The Pyrenees and Pilgrimage, Part 1 — Lourdes

cathedral bridge 3

The beautiful town of Lourdes, France is located in the foothills of the Pyrenees. Two structures dominate the town and its history — the cathedral of Notre-Dame de Lourdes, situated on the wide, flowing Gave de Pau, and the thousand-year-old fortress, the Chateau-Fort de Lourdes, built on a high rocky bluff.

Lourdes fort 2

Lourdes has a rich and varied history.  Artifacts dating from the prehistoric times to the Roman  have been found in the area, and “the town and its fortress formed a strategic stronghold in medieval times.” (www.Britannica.com)

However, the town is best known as a place of pilgrimage for Catholics the world over, visited by millions every year.

cathedral crop

The identity of Lourdes as a market town, mountains crossroads, and fortified stronghold forever changed in 1858 when a young girl, Bernadette Soubirous, experienced numerous visions of the Virgin Mary in a grotto near the river.

bernadette photo enlarged

“The visions were declared authentic by Pope Pius IX in 1862, and veneration of Mary as Our Lady of Lourdes was authorized. The underground spring in the grotto, revealed to Bernadette, was declared to have miraculous qualities, and Lourdes became a major pilgrimage site.” (www.britannica.com)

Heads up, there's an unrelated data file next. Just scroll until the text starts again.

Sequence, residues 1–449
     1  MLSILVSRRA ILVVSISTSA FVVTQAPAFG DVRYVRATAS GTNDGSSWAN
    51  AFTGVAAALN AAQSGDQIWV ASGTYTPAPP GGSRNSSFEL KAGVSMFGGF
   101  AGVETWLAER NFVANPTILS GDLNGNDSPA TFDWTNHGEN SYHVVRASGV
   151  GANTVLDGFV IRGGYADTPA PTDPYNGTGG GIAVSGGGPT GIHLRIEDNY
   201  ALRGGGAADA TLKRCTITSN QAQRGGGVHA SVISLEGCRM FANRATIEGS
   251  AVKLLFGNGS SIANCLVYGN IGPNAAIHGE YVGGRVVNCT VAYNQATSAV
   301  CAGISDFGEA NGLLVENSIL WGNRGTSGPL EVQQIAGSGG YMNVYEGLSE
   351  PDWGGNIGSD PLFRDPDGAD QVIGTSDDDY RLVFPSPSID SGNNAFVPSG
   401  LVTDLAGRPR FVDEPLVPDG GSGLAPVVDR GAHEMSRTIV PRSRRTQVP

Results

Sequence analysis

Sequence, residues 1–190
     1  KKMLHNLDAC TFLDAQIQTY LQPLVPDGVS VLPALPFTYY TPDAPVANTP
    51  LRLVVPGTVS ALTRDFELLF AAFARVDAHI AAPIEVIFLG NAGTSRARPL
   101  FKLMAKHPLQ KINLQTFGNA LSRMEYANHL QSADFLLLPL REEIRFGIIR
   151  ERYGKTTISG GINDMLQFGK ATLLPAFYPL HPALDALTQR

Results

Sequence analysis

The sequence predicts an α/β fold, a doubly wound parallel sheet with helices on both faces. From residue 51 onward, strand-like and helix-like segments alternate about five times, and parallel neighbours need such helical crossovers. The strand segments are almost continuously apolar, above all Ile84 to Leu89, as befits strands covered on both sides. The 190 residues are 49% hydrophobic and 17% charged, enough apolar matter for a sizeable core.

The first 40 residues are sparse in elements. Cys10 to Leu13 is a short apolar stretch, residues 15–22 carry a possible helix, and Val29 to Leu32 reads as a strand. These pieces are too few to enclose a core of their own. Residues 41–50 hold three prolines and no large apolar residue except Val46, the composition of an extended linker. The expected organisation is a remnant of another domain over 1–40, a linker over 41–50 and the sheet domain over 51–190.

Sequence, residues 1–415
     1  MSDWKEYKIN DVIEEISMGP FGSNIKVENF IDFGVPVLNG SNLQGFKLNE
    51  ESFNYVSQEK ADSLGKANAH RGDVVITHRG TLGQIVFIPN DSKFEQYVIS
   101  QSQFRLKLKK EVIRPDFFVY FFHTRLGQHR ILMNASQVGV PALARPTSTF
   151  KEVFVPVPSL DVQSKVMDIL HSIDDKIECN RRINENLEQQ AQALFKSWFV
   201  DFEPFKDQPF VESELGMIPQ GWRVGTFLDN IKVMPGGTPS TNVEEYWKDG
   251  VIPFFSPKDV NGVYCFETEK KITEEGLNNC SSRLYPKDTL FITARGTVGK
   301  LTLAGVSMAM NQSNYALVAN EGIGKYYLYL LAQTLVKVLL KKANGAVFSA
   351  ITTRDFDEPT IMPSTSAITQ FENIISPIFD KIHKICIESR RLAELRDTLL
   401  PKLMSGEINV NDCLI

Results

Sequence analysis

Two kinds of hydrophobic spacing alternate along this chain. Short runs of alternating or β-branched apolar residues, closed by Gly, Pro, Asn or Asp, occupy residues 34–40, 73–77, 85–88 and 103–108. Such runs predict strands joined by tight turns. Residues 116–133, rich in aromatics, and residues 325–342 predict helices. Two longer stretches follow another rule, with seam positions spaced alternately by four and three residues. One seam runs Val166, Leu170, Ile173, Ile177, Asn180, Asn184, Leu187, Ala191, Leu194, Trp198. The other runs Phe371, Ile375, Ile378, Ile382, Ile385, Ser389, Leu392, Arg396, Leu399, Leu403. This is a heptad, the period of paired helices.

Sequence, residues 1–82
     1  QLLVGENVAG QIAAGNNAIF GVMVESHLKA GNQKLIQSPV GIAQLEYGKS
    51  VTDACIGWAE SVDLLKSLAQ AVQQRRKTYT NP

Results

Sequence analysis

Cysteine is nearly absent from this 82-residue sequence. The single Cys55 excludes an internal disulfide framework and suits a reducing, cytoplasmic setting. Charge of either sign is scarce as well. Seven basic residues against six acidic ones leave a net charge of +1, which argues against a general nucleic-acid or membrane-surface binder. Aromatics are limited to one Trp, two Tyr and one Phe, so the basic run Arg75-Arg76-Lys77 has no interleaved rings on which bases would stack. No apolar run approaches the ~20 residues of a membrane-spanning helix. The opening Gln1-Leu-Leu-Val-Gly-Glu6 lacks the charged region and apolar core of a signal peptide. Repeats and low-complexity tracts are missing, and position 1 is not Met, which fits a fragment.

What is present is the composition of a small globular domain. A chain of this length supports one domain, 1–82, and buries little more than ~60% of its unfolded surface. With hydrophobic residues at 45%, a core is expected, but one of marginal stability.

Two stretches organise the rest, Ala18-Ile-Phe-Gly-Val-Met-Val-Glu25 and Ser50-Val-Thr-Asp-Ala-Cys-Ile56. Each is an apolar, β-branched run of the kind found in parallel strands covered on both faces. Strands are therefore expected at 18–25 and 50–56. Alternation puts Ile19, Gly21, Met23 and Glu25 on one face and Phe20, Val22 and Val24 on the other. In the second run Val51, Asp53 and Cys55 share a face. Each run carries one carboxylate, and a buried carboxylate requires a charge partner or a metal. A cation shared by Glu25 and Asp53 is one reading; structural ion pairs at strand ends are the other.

cathedral eve 4

Lourdes is an international destination, a place of hope for many who cannot walk or are battling sickness or a chronic condition. They line up to hear mass given in front of the grotto, and fill up bottles with the sacred grotto water from numerous taps. Behind the cathedral, alongside the river, are private bathing rooms where pilgrims line up to bathe in the waters, hoping for a cure or improvement.

Even in the offseason, the shops and crowds can make the place seems touristy, but the solemnity with which the pilgrims pray and believe, and the sheer beauty of the place, preserve the sense of the sacred.

cathedral way flowers

The Gothic-styled cathedral, with its soaring spires and long narrow windows, was built above the grotto in 1876. It is made of the same gray stone as the rock beneath it and seems to have risen directly from it.

L maples

cathedral river